July 6, 2015


Local

Who were the victims?

Lorna Blacksmith

She was a young woman with a future who was "full of surprises" -- and she was cut down in the prime of her life.

Lorna Blacksmith

Lorna Blacksmith

Carolyn Sinclair

Carolyn Sinclair

That's what a devastated Lita Blacksmith told Justice Rick Saull in a written impact statement filed in court.

"I still believed in my daughter a lot," Lita said.

"She had a future to move on to. I very deeply loved her a lot and we made promises together that our lives will get better," the mother wrote.

Lita described Lorna as a caring young woman, a "beautiful brat" whose tragic death has left her sleepless and empty.

"I always used to tell her to be careful out there in the city, but then she always used to say: 'Mom. I know.' I know I always felt better in the way she said it," wrote Lita.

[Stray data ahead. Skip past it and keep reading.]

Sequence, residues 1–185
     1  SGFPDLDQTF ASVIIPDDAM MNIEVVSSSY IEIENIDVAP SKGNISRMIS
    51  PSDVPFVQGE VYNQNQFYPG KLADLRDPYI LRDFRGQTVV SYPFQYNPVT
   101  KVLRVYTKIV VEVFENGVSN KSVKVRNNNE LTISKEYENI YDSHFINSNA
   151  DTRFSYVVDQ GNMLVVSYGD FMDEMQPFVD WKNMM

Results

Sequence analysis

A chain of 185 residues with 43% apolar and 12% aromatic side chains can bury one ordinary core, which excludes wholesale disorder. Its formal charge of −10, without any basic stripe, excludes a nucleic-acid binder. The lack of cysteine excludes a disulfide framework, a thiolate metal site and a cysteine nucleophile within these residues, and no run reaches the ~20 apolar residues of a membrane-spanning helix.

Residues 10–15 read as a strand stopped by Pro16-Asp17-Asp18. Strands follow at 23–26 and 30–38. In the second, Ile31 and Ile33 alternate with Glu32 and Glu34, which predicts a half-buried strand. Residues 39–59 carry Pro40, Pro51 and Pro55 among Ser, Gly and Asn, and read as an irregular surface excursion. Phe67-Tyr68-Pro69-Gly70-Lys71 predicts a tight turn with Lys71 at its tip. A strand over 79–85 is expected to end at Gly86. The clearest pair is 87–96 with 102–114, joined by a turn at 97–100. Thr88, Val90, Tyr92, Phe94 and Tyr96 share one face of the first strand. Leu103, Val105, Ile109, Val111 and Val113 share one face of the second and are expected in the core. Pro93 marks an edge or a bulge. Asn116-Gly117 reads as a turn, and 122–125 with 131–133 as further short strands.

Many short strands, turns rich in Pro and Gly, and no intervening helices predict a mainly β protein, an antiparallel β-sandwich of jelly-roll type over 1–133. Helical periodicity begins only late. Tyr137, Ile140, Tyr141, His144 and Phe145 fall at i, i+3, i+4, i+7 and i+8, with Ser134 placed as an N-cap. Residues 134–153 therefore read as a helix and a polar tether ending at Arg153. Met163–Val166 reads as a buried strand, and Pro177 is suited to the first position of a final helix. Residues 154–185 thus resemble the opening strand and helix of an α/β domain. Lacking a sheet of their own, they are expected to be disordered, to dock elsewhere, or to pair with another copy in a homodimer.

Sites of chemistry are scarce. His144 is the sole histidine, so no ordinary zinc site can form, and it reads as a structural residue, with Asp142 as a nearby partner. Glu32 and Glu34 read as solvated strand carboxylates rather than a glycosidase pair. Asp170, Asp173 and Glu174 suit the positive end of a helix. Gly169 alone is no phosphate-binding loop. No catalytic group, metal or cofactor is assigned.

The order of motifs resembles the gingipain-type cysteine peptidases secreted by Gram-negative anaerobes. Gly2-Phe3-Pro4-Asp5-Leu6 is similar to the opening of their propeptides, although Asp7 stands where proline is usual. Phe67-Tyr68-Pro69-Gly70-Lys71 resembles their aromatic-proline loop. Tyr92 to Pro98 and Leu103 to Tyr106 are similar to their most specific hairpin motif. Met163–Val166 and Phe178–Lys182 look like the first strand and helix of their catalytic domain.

"I wish that she were still here so I could sleep peacefully with her by my side," the mother wrote. Finding out from police in June 2012 that her missing daughter had died was "the saddest day of my life," Lita wrote.

Carolyn Sinclair

There's no single memory Amanda Sinclair has of her slain sister that stands out above the others.

"There's a lot of memorable moments," Sinclair told the Free Press on Thursday. "She's my only sister and we were always there for each other."

Carolyn Sinclair was a mom of two who was a "very sensitive, loving, caring person," said Amanda.

The Sinclair family grew up in the West End, where they lived their entire lives.

All three kids in the family had a good foundation to build on, said Amanda.

Carolyn kept plugging away at school after giving birth to her first son.

"Sadly she fell into the cracks of another way of life," Amanda said.

"She had a very sensitive side. That's what kind of made her gullible in life," she said.

If there's two things that stood out about Carolyn, Amanda said, it was her smile and her laughter.

Republished from the Winnipeg Free Press print edition November 15, 2013 A4

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